The species Campanula rapunculus, commonly known as rampion bellflower, rampion, or rover bellflower, is a biennial vegetable which was once widely grown in Europe for its spinach-like leaves and radish-like roots.[10] In many English translations of the Brothers Grimm's tale Rapunzel, rampion is the vegetable that is stolen from the witch. (Rapunzel is a completely different plant, Valerianella locusta.)

In the UK the National Collection of campanulas is held at Burton Agnes Hall in East Yorkshire[11] and the National Collection of Alpine Campanulas at Langham Hall, Bury St Edmunds, in Suffolk.[12]

Related genera[edit]

The classification of some Campanulaceae genera as either part of Campanula or separate genera can vary by system, including Azorina, Campanulastrum, Canarina, Edraianthus, Musschia, Ostrowskia, and Platycodon. Some genera previously not segregated from Campanula currently are segregated in some systems, including Annaea, Gadellia, and Theodorovia. Hemisphaera was formerly Campanula, subsect. Scapiflorae, and Neocodon was Campanula sect. Rapunculus.[13]


Campanula persicifolia
Campanula cervicaria

There are 473, including:

Formerly placed here[edit]


Violdelphin is an anthocyanin, a type of plant pigment, found in the blue flowers in the genus Campanula.[15]

Fossil record[edit]

Three fossil seeds of †Campanula palaeopyramidalis have been extracted from borehole samples of the Middle Miocene fresh water deposits in Nowy Sacz Basin, West Carpathians, Poland.[16]


  1. ^ "Genus: Campanula L." Germplasm Resources Information Network. United States Department of Agriculture. 2004-01-29. Archived from the original on 2012-10-06. Retrieved 2011-02-03.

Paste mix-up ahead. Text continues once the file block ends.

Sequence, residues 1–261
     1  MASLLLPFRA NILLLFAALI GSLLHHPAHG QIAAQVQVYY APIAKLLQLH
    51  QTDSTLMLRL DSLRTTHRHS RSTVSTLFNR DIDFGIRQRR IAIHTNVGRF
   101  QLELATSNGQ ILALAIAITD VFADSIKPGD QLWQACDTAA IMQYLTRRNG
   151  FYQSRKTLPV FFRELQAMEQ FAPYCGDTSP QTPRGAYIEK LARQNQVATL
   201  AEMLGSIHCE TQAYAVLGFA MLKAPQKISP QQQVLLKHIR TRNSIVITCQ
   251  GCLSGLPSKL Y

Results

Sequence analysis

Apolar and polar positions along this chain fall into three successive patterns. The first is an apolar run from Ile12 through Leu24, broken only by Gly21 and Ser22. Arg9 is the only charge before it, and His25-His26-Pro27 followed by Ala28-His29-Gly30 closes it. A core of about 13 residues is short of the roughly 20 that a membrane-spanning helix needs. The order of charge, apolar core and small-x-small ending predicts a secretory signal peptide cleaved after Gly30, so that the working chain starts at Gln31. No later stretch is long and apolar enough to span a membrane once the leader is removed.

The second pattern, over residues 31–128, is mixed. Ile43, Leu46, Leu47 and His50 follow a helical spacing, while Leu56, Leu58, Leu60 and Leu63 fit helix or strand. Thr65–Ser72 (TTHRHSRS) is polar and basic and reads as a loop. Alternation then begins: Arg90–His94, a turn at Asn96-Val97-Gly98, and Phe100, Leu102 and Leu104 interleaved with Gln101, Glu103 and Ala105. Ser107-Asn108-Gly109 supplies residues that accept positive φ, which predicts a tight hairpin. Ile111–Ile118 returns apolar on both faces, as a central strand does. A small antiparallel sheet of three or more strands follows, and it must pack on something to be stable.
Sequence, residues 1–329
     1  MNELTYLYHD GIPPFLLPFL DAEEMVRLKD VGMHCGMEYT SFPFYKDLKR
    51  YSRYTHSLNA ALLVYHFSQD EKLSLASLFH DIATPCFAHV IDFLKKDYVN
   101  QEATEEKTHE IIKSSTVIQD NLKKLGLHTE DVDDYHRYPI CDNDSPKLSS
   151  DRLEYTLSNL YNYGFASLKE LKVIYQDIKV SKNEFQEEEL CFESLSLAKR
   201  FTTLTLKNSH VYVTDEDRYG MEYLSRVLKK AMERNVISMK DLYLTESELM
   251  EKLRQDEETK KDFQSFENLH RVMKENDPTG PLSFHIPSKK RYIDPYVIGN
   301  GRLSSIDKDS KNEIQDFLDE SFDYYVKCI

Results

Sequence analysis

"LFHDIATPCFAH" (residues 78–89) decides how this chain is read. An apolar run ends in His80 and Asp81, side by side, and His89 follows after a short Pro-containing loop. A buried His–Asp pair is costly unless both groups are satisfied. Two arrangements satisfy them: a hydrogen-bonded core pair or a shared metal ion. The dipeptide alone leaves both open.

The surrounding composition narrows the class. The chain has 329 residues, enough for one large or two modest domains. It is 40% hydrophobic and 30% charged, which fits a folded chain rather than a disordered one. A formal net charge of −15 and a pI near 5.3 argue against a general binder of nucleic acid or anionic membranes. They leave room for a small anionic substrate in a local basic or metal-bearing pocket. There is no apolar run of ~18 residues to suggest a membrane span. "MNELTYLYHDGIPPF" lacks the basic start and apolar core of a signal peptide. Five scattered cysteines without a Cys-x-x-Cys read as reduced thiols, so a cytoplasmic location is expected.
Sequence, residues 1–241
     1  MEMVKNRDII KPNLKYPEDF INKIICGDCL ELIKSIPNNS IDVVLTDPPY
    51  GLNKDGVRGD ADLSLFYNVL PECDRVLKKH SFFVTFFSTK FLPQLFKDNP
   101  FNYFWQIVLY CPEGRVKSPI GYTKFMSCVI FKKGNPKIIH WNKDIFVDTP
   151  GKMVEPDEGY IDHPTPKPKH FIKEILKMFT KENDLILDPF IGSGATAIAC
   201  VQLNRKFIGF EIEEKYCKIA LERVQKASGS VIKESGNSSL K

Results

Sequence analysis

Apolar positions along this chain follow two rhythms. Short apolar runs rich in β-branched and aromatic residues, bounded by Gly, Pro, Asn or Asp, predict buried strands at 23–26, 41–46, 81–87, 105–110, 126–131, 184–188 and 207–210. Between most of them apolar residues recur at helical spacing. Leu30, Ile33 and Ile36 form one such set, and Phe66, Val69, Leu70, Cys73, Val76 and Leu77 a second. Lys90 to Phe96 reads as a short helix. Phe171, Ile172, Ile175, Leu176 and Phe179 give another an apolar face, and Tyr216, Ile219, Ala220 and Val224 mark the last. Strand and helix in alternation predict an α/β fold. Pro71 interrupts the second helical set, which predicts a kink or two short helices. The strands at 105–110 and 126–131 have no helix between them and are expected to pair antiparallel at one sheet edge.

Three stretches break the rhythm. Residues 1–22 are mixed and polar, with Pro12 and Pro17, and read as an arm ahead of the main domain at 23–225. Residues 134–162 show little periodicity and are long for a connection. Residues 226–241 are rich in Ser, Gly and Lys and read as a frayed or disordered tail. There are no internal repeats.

2. ^ lectorype designated by Britton & Brown, Illustrated Flora of the Northern United States (ed. 2) 3: 294 (1913)
  3. ^ a b "World Checklist of Selected Plant Families: Royal Botanic Gardens, Kew". apps.kew.org. Retrieved 13 April 2018.
  4. ^ Sunset Western Garden Book, 1995:606–607
  5. ^ Altervista Flora Italiana, Genere: Campanula - Famiglia: Campanulaceae
  6. ^ a b c Flora of China, v 19 p 530, 风铃草属 feng ling cao shu, Campanula Linnaeus, Sp. Pl. 1: 163. 1753.
  7. ^ "Campanula". campanulaceae.myspeciesinfo. Retrieved 16 June 2021.
  8. ^ "RHS Plant Selector - Campanula 'Misty Dawn'". Retrieved 21 June 2013.
  9. ^ "RHS Plant Selector - Campanula 'Kent Belle'". Retrieved 2020-04-17.
  10. ^ Rines, George Edwin, ed. (1920). "Rampion" . Encyclopedia Americana.
  11. ^ "Burton Agnes Hall – Campanula Collection". www.burtonagnes.com. Retrieved 13 April 2018.
  12. ^ "Home". Bellflower Nursery. Retrieved 13 April 2018.
  13. ^ Tatyana V. Shulkina, John F. Gaskin and W. M. M. Eddie, "Morphological Studies toward an Improved Classification of Campanulaceae s. str.," Annals of the Missouri Botanical Garden 90.4 (2003), pp. 578, 583.
  14. ^ "GRIN Species Records of Campanula". Germplasm Resources Information Network. United States Department of Agriculture. Archived from the original on 2009-01-20. Retrieved 2011-02-03.
  15. ^ Structure and biosynthesis of anthocyanins in flowers of Campanula. Kirsten Brandt, Tadao Kondo, Hideki Aoki and Toshio Goto, Phytochemistry, 29 April 1993, Volume 33, Issue 1, Pages 209–212, doi:10.1016/0031-9422(93)85424-P
  16. ^ Łańcucka-Środoniowa M.: Macroscopic plant remains from the freshwater Miocene of the Nowy Sącz Basin (West Carpathians, Poland) [Szczątki makroskopowe roślin z miocenu słodkowodnego Kotliny Sądeckiej (Karpaty Zachodnie, Polska)]. Acta Palaeobotanica 1979 20 (1): 3–117.
  • Fitter, R; A Fitter (1974). The Wild Flowers of Britain and Northern Europe. Collins.

External links[edit]